ctx.LineTo(new Point((RenderSize.Width / 2.0), (RenderSize.Height / 2.0)), true, false);
                }

                return geom;
            }
        }
    }

Here’s an example of using this control in XAML. The example also includes a traditional progress bar, so that we can compare them.

    <StackPanel>
        <loc:CircularProgress
                 Height="100" Width="100" Margin="5"
                 Value="{Binding PctComplete}"
                 HorizontalAlignment="Center"/>
        <ProgressBar x:Name="prog2" Maximum="100"
                     Value="{Binding PctComplete}"
                     Height="25" Margin="10"/>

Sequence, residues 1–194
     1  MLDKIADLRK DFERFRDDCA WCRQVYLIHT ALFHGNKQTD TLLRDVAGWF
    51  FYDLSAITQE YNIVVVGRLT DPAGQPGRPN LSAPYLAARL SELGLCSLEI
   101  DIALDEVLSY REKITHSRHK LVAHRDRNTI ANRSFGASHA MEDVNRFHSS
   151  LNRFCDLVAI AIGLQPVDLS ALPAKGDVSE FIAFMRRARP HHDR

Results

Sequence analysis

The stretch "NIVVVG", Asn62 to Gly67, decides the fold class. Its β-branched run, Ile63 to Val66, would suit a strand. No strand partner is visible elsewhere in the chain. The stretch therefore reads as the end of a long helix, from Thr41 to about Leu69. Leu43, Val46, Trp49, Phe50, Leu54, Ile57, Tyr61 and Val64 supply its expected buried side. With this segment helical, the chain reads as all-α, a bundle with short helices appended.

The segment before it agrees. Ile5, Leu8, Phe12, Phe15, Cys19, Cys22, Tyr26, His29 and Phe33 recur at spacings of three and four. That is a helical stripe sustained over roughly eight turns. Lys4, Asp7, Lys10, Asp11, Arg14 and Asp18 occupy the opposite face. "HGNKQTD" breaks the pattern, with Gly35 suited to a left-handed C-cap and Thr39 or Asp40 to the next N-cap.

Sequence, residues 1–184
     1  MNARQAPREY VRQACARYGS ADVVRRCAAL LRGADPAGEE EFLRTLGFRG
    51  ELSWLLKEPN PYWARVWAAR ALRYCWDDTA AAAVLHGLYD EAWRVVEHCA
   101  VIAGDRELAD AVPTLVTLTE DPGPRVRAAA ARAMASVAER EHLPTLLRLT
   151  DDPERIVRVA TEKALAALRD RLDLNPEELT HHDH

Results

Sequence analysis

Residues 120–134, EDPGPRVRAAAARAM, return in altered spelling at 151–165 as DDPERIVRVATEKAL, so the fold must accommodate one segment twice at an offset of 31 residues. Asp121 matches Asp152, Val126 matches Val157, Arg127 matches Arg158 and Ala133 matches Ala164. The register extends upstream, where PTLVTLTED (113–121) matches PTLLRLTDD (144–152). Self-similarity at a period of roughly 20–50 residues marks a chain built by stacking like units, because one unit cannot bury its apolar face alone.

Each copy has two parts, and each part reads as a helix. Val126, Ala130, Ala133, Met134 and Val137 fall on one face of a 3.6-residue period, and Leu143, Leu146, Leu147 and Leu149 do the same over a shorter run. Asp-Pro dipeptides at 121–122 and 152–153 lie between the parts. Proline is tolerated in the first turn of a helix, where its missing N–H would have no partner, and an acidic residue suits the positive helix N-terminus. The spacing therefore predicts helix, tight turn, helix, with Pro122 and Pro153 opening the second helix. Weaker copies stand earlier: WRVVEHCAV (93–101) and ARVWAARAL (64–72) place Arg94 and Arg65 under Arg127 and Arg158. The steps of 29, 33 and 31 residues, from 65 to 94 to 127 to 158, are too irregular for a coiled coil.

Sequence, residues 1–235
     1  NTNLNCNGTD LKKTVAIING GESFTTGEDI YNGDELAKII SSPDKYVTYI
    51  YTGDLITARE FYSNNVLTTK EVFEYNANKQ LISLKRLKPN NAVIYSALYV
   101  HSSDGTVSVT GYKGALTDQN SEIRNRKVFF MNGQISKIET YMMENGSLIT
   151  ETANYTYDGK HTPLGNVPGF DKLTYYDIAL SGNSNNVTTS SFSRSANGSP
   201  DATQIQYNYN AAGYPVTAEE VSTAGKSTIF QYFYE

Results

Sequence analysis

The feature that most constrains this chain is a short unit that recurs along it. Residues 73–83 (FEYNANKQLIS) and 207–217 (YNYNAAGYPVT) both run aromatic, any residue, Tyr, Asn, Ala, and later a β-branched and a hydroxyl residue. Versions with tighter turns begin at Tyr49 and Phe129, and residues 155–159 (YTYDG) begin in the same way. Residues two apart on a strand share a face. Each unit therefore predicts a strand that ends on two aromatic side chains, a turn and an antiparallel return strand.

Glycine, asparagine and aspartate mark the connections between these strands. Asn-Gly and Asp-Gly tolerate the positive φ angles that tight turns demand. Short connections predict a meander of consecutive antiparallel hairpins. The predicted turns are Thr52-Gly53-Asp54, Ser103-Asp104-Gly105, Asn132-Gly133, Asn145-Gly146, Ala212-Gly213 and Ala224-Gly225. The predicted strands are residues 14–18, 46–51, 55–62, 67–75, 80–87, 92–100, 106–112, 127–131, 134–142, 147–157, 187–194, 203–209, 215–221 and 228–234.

<Button Content="Start Timer" Click="Button_Click"
                HorizontalAlignment="Center"
                Padding="12,7"/>
    </StackPanel>

Finally, here’s the code-behind, including the PctComplete property that we bind to and code that kicks off a timer that updates the property periodically.

    public partial class MainWindow : Window, INotifyPropertyChanged
    {
        public MainWindow()
        {
            this.DataContext = this;
            InitializeComponent();
        }

        public event PropertyChangedEventHandler PropertyChanged = delegate { };

        protected virtual void OnPropertyChanged(string prop)
        {
            PropertyChanged(this, new PropertyChangedEventArgs(prop));
        }

        private double pctComplete = 0.0;
        public double PctComplete
        {
            get { return pctComplete; }
            set
            {
                if (pctComplete != value)
                {
                    pctComplete = value;